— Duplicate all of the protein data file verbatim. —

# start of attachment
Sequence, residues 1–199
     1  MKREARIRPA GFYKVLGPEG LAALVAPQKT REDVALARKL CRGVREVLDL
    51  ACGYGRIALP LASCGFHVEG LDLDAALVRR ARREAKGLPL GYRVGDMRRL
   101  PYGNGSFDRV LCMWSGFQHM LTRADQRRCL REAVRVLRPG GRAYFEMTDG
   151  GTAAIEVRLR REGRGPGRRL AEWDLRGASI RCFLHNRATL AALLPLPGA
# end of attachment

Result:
Sequence, residues 1–199
     1  MKREARIRPA GFYKVLGPEG LAALVAPQKT REDVALARKL CRGVREVLDL
    51  ACGYGRIALP LASCGFHVEG LDLDAALVRR ARREAKGLPL GYRVGDMRRL
   101  PYGNGSFDRV LCMWSGFQHM LTRADQRRCL REAVRVLRPG GRAYFEMTDG
   151  GTAAIEVRLR REGRGPGRRL AEWDLRGASI RCFLHNRATL AALLPLPGA